twas the night before christmas

Twas the night before Christmas, when all across the atoll,

The PA was roaming, he was out for a stroll.

The volunteer bird counters, had been bandaged with care,

In hopes that tomorrow’s half-day counting they could bear.

 

The albatross were nestled, all snug in their nests,

While bonin petrels, danced over their heads.

Monk seals on the beach, and sea turtles by the bay,

Had all come ashore, to soak up the evening’s last ray.

 

I stopped at the clinic, to see if anything was the matter,

Swinging my bright beam, I watched the geckos scatter.

Into the pharmacy, I flew like a flash,

Unlocked the door, and flipped open the latch.

 

The light on the shelf, cast nary a shadow

There weren’t many meds, a few IV and a few more PO.

When what to my wandering eyes should appear,

A narcotics safe, but inside only nalbuphine, oh dear.

 

“Now, labetalol! now, lorazepam!, now morphine! now, vasopressin!

On, vecuronium! on, ketamine! on, etomidate! on, nitroglycerin!

Fill up my crash cart and the holes on the wall,

Come on the next flight, come one and come all.

 

The trauma bay is not state of the art,

But it’s reasonably lit, and there’s a crash cart.

Any patient on this stretcher is a medevac for sure,

Assuming I can keep them alive, with a pharmacy so poor.

 

I fixed the vent, you see there was a hole in the circuit,

It seems corrugated tubing is tasty, mice like to chew it.

While CPAP would be a luxury, here in this tiny encampment,

With limited O2, a mixed gas vent should be standard equipment.

 

What here, a working laryngoscope, a mac three and a four,

And ET tubes 5.5-8.0, all arranged in the drawer.

For difficult intubations, a four miller would complete my set,

But wisely this PA brought a his own bougie, to hedge his bet.

 

Though expired the ET tubes are plenty and still new in their box,

When I found two copper stylets, I was knocked right out off my socks.

It was sure reassuring after finding nothing but flimsy green wire,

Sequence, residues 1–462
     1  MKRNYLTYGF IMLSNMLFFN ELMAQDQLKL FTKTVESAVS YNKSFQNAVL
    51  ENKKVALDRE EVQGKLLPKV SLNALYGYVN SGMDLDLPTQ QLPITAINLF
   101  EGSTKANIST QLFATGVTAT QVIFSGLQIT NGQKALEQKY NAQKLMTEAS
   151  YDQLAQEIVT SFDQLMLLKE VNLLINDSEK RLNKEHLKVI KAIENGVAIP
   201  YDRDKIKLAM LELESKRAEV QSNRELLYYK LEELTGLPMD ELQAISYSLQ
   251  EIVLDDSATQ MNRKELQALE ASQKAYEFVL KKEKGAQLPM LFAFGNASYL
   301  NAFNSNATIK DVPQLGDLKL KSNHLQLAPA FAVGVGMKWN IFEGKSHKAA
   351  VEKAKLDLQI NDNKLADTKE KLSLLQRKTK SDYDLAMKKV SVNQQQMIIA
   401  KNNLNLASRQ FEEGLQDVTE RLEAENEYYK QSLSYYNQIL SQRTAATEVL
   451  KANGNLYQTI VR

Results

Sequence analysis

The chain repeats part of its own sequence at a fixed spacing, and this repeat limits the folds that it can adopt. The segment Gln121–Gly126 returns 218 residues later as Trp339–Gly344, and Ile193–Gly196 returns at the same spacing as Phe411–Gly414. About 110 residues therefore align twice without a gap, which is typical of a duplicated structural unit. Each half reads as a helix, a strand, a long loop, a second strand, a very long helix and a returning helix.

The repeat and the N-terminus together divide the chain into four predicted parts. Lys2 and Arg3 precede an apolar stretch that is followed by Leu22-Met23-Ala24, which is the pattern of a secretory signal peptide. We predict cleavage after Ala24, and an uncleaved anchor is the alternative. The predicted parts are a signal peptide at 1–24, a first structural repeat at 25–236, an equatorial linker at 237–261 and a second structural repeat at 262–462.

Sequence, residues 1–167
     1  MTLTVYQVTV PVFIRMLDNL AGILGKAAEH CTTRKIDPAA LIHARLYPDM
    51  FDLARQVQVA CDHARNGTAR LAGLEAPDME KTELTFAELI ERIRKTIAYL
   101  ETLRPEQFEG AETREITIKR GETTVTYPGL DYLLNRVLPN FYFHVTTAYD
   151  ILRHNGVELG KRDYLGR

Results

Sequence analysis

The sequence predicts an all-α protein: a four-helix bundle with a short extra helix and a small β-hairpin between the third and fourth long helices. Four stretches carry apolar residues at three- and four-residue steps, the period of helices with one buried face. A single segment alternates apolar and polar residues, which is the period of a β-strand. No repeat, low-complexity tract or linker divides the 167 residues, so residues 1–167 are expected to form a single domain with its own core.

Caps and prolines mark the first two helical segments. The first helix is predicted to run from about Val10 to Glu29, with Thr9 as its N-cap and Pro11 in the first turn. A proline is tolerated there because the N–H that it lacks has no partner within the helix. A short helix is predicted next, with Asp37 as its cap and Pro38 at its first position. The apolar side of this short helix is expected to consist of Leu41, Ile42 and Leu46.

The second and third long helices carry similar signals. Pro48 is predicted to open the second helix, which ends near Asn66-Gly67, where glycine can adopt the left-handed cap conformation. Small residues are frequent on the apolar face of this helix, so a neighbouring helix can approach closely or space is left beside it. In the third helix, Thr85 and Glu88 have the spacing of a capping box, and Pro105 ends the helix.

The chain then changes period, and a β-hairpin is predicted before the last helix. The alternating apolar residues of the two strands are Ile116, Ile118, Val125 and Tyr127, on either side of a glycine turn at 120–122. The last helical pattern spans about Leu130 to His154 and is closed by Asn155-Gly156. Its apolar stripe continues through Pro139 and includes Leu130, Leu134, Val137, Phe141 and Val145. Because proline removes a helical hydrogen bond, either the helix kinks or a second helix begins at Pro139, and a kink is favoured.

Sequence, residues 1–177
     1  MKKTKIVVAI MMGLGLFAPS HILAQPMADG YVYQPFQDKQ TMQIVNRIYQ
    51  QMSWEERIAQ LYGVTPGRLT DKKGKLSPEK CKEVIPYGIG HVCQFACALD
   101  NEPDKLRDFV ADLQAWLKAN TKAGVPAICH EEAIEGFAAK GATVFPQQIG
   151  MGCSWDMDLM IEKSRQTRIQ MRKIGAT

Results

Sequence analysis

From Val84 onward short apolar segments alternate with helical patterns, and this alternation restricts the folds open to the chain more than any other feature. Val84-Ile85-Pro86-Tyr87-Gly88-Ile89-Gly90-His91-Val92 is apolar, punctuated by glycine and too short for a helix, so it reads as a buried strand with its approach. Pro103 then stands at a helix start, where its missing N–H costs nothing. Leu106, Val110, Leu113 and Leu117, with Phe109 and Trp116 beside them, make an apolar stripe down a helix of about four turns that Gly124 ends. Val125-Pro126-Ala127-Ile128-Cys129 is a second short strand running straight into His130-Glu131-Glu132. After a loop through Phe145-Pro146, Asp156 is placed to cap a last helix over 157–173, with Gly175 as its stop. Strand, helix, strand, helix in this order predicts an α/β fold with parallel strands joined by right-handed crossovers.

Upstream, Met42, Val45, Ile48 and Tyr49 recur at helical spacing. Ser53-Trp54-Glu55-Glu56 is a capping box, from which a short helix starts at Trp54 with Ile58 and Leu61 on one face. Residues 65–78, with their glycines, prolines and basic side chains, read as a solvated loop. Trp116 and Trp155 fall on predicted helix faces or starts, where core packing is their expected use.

I wonder what other surprises I’ll find in this mire.

 

Moving on to circulation, and for whatever odd reason,

There are TQs galore, and on the NWR there’s no hunting season.

I don’t worry about access even with a difficult stick,

Believe it or not I have an IO and that should do the trick.

 

The IV pump works great, I gave it a test,

Believe it or not, I have matching drip sets.

First it told me “distal occlusion” and “air in the line”,

But now I can set a rate, and bolus just fine.

 

For diagnostics there’s a microscope but it needs a torch,

And the X-ray machine I may figure out by March.

There’s tons of old not very useful equipment on the shelf,

And I laughed when I saw it, in spite of myself!

 

A corneal foreign body presents another fine problem,

Even though I have a Wood’s lamp, and drops to numb them.

You see, the slit lamp has rusted beyond repair,

And the fluoro strips have been ruined, by the sea air.

 

Most the Americans have Framingham scores greater than 53%

If one busts a plaque, in their widow maker, they’re spent.

There are only two other guys, airport firefighters to be sure,

Who would grab an AED, when that coronary hits the floor.

 

I have a 4×4 Mule, outfitted in all of the latest antiquated kit,

She’s stubborn to start, she’ll sputter and spit.

I might get there in time, but then to transport a patient,

There’s a van marked ambulance, but it’s derelict and vacant.

 

Lucky for all I plan for just such a contingency,

And minus the drugs, have all I need for the A,B and C.

Just remember this tale, next time you try to pack light.

“Happy Christmas to all, and to all a good-night!”

Advertisements